"So how are those 2014 financial resolutions going?" If you find that question cringe-inducing, trust me: you are not alone. And you may be over-reacting. As a financial advisor, I can assure you it's still plenty early for you to turn your good financial intentions into actionable steps and repeatable systems.
All behavior change (weight loss, positive attitudes, money management, etc.) involves creating new, healthier neuro-pathways step-by-step. I see many parallels between increasing your physical well-being and your financial well-being. Appointments with an internist and dietitian serve to evaluate your physical condition and daily habits. Similarly, the 5-point financial blueprint presented below will provide a comprehensive initial overview of your financial strengths and opportunities for improvement.
Remember, the purpose here is not fear-mongering. It is simply to deepen your awareness of what your money can do for you when it's well managed.
Earning & spending. This is your financial diet: calories in and out. Track your spending -- all of it -- for a month (or a week at least). You might be amazed to discover how many "calories" go missing (in this case, expended rather than ingested). Use the old fashion paper-and-pencil method (like me) or an online calculator from Mint, Moven or Spendee. This is the core of your financial health. You are what you eat -- and earn, and spend.
Saving. Monitoring savings is like a regular check-up; it should include age-appropriate tests that gauge how well critical systems are working (and are funded). Emergency fund: six months of savings? 401(k): contribution north of 10 percent? Gross income saved: approaching 20 percent? If you are not quite there (or nowhere near), yet earning a living wage, now's the time to ask if common savings myths are holding you back. (Most are variations on "I'll save more when I make more.") The fact is, even 10 extra dollars saved a week adds up to some real money over time.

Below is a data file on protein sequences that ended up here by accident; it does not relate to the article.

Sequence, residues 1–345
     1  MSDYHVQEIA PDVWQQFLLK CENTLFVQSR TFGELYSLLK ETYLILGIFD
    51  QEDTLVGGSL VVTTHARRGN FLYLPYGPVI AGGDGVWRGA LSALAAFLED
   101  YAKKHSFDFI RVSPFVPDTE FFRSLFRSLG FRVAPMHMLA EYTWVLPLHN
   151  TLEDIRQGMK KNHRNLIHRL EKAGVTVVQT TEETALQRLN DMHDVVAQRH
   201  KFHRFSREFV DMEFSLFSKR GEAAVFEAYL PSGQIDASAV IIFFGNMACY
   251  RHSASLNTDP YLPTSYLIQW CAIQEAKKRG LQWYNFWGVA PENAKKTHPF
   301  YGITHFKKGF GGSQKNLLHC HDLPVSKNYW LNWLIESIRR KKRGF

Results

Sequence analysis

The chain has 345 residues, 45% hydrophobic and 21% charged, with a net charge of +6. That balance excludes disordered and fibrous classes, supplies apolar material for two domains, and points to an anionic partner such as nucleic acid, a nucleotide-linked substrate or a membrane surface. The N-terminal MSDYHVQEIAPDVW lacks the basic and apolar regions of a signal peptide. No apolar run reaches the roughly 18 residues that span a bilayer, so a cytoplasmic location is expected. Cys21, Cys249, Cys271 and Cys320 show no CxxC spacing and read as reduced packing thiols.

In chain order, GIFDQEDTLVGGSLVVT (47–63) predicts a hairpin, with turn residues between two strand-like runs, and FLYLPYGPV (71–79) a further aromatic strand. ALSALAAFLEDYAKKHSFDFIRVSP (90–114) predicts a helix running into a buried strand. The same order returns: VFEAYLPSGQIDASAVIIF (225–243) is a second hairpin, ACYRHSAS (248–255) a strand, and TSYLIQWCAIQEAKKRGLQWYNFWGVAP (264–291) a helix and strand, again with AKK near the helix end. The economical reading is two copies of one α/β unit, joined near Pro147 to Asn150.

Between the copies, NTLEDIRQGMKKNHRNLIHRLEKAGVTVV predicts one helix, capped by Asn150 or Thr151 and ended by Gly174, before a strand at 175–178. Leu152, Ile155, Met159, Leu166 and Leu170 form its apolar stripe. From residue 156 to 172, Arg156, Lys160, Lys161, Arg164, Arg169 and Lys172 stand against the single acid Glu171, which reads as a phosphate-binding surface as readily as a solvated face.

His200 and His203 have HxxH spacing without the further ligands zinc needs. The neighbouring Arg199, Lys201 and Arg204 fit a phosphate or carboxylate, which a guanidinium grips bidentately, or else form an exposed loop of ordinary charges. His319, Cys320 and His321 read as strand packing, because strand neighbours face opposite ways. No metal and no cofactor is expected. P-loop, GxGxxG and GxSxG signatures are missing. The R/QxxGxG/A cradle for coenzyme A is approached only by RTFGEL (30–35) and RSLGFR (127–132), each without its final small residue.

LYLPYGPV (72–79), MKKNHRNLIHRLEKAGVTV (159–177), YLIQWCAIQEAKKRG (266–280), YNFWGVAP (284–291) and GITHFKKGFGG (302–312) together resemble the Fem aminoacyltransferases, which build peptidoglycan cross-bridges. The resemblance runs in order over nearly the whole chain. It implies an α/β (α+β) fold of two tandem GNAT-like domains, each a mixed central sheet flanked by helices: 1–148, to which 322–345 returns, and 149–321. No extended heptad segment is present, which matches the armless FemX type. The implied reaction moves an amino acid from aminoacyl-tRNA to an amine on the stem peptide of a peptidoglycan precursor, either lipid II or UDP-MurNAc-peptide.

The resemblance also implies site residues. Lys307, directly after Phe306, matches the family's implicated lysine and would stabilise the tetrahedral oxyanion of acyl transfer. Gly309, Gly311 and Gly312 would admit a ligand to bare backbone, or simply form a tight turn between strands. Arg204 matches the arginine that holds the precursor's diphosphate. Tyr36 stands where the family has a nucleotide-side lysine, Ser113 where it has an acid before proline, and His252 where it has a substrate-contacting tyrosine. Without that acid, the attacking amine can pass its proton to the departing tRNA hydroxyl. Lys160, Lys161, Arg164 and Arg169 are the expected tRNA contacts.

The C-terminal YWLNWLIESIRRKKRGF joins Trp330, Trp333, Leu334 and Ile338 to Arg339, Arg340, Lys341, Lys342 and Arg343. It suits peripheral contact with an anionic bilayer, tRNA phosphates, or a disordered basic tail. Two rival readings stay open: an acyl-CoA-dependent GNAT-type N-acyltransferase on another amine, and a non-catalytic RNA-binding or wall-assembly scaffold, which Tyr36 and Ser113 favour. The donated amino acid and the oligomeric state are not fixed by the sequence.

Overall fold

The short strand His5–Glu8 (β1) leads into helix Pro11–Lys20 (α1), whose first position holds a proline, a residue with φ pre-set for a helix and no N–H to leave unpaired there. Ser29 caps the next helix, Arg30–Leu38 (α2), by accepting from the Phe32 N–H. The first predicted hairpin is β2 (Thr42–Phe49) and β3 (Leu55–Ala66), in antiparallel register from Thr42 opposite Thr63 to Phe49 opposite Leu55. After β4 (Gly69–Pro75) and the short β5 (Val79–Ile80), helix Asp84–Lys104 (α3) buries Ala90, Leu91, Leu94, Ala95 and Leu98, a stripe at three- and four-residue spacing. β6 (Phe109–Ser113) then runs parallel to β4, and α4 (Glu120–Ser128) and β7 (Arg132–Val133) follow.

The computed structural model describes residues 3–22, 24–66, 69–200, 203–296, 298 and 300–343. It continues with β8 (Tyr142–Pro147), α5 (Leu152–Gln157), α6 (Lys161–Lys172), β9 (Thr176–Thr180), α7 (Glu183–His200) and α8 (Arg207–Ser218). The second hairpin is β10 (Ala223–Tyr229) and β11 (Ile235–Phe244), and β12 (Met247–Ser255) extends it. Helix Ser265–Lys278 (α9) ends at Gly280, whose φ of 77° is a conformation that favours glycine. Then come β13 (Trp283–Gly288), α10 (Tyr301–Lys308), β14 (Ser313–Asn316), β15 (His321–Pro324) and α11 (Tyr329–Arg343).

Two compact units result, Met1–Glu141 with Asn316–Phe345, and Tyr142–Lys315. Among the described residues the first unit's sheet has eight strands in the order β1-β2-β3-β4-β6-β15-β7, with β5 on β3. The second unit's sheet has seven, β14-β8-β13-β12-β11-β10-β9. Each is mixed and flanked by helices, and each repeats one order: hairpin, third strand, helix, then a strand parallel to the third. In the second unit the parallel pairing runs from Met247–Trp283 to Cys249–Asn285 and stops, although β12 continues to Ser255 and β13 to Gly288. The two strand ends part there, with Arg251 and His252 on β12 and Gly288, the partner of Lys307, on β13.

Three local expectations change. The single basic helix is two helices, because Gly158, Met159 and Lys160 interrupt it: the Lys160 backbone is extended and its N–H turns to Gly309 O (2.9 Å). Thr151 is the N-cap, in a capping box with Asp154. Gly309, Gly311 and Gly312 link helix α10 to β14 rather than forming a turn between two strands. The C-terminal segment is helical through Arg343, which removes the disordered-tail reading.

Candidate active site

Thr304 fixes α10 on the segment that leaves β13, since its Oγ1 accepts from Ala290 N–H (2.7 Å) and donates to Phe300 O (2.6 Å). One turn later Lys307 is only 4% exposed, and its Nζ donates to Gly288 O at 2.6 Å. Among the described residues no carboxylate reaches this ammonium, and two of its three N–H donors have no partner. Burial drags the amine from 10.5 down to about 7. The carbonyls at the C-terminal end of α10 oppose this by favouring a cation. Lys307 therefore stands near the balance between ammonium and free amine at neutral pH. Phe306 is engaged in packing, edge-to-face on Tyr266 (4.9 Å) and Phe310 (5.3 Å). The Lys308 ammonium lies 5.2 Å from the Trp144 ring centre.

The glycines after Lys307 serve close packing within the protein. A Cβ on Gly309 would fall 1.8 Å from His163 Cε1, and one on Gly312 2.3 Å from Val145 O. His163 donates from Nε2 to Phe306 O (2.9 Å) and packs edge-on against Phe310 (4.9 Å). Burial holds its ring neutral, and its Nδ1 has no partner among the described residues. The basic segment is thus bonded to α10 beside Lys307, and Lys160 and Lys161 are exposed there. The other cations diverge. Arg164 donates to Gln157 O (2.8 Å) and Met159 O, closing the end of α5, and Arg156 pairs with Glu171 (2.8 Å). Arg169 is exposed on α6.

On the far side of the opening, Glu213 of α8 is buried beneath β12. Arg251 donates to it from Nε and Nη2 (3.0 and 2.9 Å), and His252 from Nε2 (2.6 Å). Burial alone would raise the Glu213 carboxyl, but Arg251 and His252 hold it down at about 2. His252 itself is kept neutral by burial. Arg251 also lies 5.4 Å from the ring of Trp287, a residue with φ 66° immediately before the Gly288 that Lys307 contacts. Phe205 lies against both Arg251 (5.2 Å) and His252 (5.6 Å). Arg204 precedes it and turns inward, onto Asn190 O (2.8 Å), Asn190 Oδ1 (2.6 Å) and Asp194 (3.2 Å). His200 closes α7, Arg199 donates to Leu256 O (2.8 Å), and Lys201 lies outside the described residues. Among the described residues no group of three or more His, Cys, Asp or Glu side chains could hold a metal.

Debt management. Compare this step to maintaining your ideal weight. Kudos if you're free of extra pounds (or money owed): you're beating the trend. The New York Fed reported that U.S. household debt crept up again in Q3 2013 (student loans, for example, topped $1 trillion). Remember: adding an extra $50 or $100 to your minimum monthly payment can shave off years of payback and thousands in interest. One session with a debt management calculator should encourage you to funnel a raise or extra revenue stream into this inverse savings account.
Investing. It's an exercise program tailored towards longevity and good health. Toned muscles fight the atrophy of aging; money is invested to fight and overcome the corrosive power of inflation. Do you know your current asset allocation, fees, and last year's portfolio performance? Is it time to rebalance? These are the essential questions every investor should ask and answer.
Insurance. This is the financial equivalent of preventative medicine, and it doesn't stop with health and life insurance. Your chances of needing long-term disability insurance, for example, probably are greater than you expect. Your financial assessment should evaluate your deductibles, whether you should take out an umbrella policy to lower premiums and if you qualify for multi-policy or good driver discounts.
So invest in your financial-wellbeing. This week, take a few hours to run your numbers and ring in a healthy -- and wealthier -- 2014.
[This post originally appeared at MoneyZen.com. Photo credit Louis Leray]. For more MoneyZen in your life, follow Manisha on Twitter at @ManishaThakor, on Facebook at /ManishaThakor, or sign up to receive Manisha's MoneyZen blog via email by clicking here.